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Stryker Combat Vehicles

Stryker Combat Vehicles

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Stryker Combat Vehicles

valutazioni:
4/5 (5 valutazioni)
Lunghezza:
104 pagine
1 ora
Pubblicato:
Sep 20, 2012
ISBN:
9781782004592
Formato:
Libro

Descrizione

The eight-wheeled (8x8) Stryker combat light armored vehicle was adopted by the US Army in 2002 to provide a comparatively rapidly deployable contingency force with armor protection, tactical mobility, and heavy firepower, as well as advanced command, control communications, computer, intelligence, surveillance, and reconnaissance (C4ISR) capabilities. Covering the first new US Army release since the M1 Abrams MBT, this book details the conception, ongoing development and deployment of one of the most highly anticipated new AFVs in recent years, including its service in Iraq and the ensuing controversy surrounding the Stryker's varying successes.
Pubblicato:
Sep 20, 2012
ISBN:
9781782004592
Formato:
Libro

Informazioni sull'autore

Gordon L. Rottman entered the US Army in 1967, volunteered for Special Forces and completed training as a weapons specialist. He served in the 5th Special Forces Group in Vietnam in 1969–70 and subsequently in airborne infantry, long-range patrol and intelligence assignments until retiring after 26 years. He was a Special Operations Forces scenario writer at the Joint Readiness Training Center for 12 years and is now a freelance writer, living in Texas.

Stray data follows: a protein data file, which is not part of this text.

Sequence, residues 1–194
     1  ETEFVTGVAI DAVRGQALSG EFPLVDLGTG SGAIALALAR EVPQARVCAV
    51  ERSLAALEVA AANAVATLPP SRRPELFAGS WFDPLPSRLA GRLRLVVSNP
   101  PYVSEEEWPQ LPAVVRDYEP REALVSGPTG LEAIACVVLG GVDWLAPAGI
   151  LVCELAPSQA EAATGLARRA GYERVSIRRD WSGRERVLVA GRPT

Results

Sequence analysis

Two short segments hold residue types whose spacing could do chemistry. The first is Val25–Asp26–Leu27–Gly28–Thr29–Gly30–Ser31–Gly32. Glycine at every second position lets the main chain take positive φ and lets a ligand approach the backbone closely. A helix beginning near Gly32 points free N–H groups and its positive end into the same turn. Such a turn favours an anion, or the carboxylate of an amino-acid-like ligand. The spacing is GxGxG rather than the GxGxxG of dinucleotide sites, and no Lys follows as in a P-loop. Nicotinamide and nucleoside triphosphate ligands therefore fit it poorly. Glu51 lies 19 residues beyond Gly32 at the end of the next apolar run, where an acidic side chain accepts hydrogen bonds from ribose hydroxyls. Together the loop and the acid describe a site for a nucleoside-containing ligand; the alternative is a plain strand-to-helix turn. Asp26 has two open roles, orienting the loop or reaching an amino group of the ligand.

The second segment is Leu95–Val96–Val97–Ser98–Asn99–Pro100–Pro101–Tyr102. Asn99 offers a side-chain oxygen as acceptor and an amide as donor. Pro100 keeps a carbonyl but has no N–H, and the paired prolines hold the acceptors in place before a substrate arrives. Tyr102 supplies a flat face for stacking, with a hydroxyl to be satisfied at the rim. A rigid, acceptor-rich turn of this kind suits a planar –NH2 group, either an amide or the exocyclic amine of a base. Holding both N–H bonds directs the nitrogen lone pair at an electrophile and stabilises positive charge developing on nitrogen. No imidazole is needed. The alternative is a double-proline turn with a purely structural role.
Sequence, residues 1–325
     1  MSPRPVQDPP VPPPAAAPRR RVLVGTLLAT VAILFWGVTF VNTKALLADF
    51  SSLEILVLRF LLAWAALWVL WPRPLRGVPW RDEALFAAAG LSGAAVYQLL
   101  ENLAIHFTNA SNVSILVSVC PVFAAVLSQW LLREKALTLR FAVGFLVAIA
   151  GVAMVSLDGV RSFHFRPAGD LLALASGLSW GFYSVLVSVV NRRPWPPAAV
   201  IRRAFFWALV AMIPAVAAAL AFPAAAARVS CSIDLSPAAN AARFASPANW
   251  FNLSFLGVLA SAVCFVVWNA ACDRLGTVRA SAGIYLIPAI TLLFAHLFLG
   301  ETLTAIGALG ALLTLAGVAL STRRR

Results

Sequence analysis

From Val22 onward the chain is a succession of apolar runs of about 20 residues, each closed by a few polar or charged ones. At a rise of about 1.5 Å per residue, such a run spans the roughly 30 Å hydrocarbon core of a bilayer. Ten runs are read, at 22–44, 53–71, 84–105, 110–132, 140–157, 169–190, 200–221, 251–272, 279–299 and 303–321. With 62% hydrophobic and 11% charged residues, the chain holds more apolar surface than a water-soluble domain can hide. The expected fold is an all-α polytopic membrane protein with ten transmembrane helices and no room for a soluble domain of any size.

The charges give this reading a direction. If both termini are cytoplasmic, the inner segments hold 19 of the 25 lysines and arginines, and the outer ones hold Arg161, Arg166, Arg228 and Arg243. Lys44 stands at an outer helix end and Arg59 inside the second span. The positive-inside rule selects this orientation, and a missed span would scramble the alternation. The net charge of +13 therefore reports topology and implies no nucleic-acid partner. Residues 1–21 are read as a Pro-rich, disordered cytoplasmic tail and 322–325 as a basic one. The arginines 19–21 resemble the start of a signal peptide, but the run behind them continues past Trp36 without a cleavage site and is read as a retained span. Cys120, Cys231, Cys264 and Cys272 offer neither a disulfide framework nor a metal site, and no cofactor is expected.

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Stryker Combat Vehicles - Gordon L. Rottman

New Vanguard • 121

Stryker Combat Vehicles

Gordon L Rottman • Illustrated by Hugh Johnson

CONTENTS

Introduction

Wheeled Light Armored Vehicles

Adoption of the Stryker

Development of the Stryker

Stryker Described

Stryker Variants

Controversy

Stryker Brigade Combat Teams

Combat Debut

Bibliography

Color Plate Commentary

STRYKER COMBAT VEHICLES

INTRODUCTION

The Stryker combat vehicle is the first major armored fighting vehicle (AFV) standardized by the US Army since the M1 Abrams tank in 1982. This controversial armored vehicle was fielded to fulfill a perceived need for a rapidly deployable AFV requiring a minimal logistical footprint, and enhanced by the latest technology.

One point regarding the Stryker should be clarified from the beginning. It was not designed to replace any existing combat vehicle. Stryker Brigade Combat Teams (SBCTs) were created as a new category of unit – a medium force – that did not previously exist. Stryker infantry carriers did not replace M113 Armored Personnel Carriers (APCs) or M2 Bradley Infantry Fighting Vehicles (IFVs), neither did the Stryker reconnaissance and antitank guided missile vehicles replace M3 Bradley Cavalry Fighting Vehicles (CFVs), nor did the Stryker mobile gun replace Abrams tanks. The Stryker augments existing forces to provide a more rapidly deployable medium contingency force. Only one mechanized brigade, previously in Korea, was converted to a SBCT. The other SBCTs were converted from light infantry brigades and the single wheeled-vehicle light armored cavalry regiment. One is also being formed from the assets of a mechanized infantry brigade in Germany, but the brigade will be reestablished in the United States. No other Abrams and Bradley-equipped heavy forces were lost with the activation of SBCTs.